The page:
- Agronomic: grass (misc. perennial)
- Animal Production: feed/forage, grazing - continuous, grazing - multispecies, grazing - rotational, grazing management, rangeland/pasture management
- Education and Training: mentoring, networking, technical assistance
Problem or Opportunity and Justification
Adoption of well-managed grazing includes technical knowledge, interfamily and agricultural service provider dynamics, economic indicators, and changing regulations. Well-managed grazing systems are organic, evolving ecological structures that require both an understanding of when to apply techniques and why particular tools are appropriate. The techniques and tools for new systems are often called into question by seasoned practitioners who have relied on traditional techniques for decades, which can often be a significant barrier for service providers.
Sustained effort is needed on a farmer-by-farmer basis to reach and support their goal of securely expanding their current reach to more compliant, well-managed pastures. Additionally, technical assistance professionals in Vermont and New Hampshire lack mentorship, opportunities for professional development, and are in high demand, resulting in limited availability and diminished capacity. The lack of an organized network to share best practices has resulted in mixed messaging, conflicting advice, and few opportunities for professional growth.
Regional surveying and data collection allows this project to address a demonstrated need for a foundational education program that will allow all technical service providers to acquire fundamental knowledge about agronomic principles of hayland and pastures, and a professional development cohort to expand upon that knowledge, retain experts in the field, and create a support system for new and incoming professionals.
Solution and Approach:
Our project aims to improve the professional abilities of forage-related service providers in Vermont and New Hampshire, thereby increasing the acreage of highly productive, well-managed, homegrown forages in the Northeast. We seek to support and retain active grazing professionals, enhance the grazing acumen of the lesser experienced TA providers, and foster a supportive environment to encourage a new wave of professionals in the Northeast.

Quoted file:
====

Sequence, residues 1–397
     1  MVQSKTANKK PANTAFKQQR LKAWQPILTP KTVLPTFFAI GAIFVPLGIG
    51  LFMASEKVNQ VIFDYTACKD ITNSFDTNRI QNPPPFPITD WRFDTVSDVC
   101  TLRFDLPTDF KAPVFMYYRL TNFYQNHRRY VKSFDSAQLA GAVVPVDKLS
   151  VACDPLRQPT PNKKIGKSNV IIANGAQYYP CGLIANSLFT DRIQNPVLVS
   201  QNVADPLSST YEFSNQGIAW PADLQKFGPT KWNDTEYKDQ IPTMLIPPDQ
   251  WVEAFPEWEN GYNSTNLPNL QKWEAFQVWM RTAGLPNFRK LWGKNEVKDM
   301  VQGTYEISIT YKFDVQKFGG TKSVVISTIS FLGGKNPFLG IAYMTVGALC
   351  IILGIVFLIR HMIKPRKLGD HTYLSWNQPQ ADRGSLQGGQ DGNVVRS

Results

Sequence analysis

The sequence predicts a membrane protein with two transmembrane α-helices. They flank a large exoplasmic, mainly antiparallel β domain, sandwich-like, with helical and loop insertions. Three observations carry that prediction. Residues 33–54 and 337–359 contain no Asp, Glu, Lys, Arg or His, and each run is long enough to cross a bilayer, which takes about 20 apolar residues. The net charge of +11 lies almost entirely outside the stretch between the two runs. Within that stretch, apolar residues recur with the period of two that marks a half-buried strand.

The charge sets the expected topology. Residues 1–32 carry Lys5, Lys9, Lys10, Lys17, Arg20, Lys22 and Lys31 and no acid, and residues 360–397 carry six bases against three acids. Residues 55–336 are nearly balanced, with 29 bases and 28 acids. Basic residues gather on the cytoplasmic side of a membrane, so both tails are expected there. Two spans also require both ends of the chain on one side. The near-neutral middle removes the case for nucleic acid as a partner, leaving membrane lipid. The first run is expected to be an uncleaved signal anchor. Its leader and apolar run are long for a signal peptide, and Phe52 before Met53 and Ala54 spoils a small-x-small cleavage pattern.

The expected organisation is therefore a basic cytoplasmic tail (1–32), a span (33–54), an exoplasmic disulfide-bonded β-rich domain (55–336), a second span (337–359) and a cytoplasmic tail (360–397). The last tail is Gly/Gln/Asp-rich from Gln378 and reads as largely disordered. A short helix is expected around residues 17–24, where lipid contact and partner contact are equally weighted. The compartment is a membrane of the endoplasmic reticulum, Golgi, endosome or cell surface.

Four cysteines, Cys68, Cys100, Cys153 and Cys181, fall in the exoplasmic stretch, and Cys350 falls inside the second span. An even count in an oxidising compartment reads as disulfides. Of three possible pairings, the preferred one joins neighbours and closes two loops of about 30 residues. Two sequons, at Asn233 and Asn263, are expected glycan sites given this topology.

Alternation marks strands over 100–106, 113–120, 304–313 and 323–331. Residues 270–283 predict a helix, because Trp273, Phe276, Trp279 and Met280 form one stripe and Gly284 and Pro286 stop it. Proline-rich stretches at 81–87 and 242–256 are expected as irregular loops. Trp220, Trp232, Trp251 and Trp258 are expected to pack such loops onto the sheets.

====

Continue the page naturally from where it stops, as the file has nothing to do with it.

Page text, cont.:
Part One of our project is the Agronomic Principles for Hayland and Pasture Management Education Program, where service professionals will receive expert, localized education for successful and sustainable forage systems which comply with efforts to improve the quality of soil and waterways in the Northeast. Part Two of our project, the Grazing TA Professional Development Cohort, will bring together regional service providers to generate more effective communication, sharing of resources, and new opportunities for on-going professional development.
Our project will result in new tools, knowledge, skills, attitudes, and awareness that will benefit service providers by reducing the discrepancies in advice and education being provided to farmers from partner organizations working in similar spaces. We believe our project will create a future of knowledgeable service providers who can assist farmers in achieving the beneficial impacts of these systems due to the rigorous and thorough complexity of content within our education program combined with a well-structured and supported professional development cohort.
Performance targets from proposal:
30 technical assistance service providers in Vermont and New Hampshire, including soil conservationists, conservation district staff, and Extension professionals will participate in an Agronomic Principles for Hayland and Pasture Management Education Program and Grazing TA Professional Development Cohort to enhance their capacity to provide professional expertise to farmers interested in increasing their ability to implement successful and sustainable forage systems.
Sustained effort is needed on a farmer-by-farmer basis to reach and support goals of securely expanding their current reach to more compliant, well-managed pastures. The service providers in this cohort will use their existing and newly developed skills and knowledge to help bring farm operations to a demonstrable level of grazing management to comply with State and Federal efforts to improve the quality of soil and waterways in Vermont, while increasing farm profitability.
As a result, we expect 10 service providers each year over three years to impact 5 farms each. We anticipate approximately 150 farmers will adopt an improved understanding and adoption of agronomic principles for hayland and pasture management that will increase their ability to develop a sustainable forage system on 7,500 acres between Vermont and New Hampshire. Implementation and understanding will be tracked during service provider evaluations.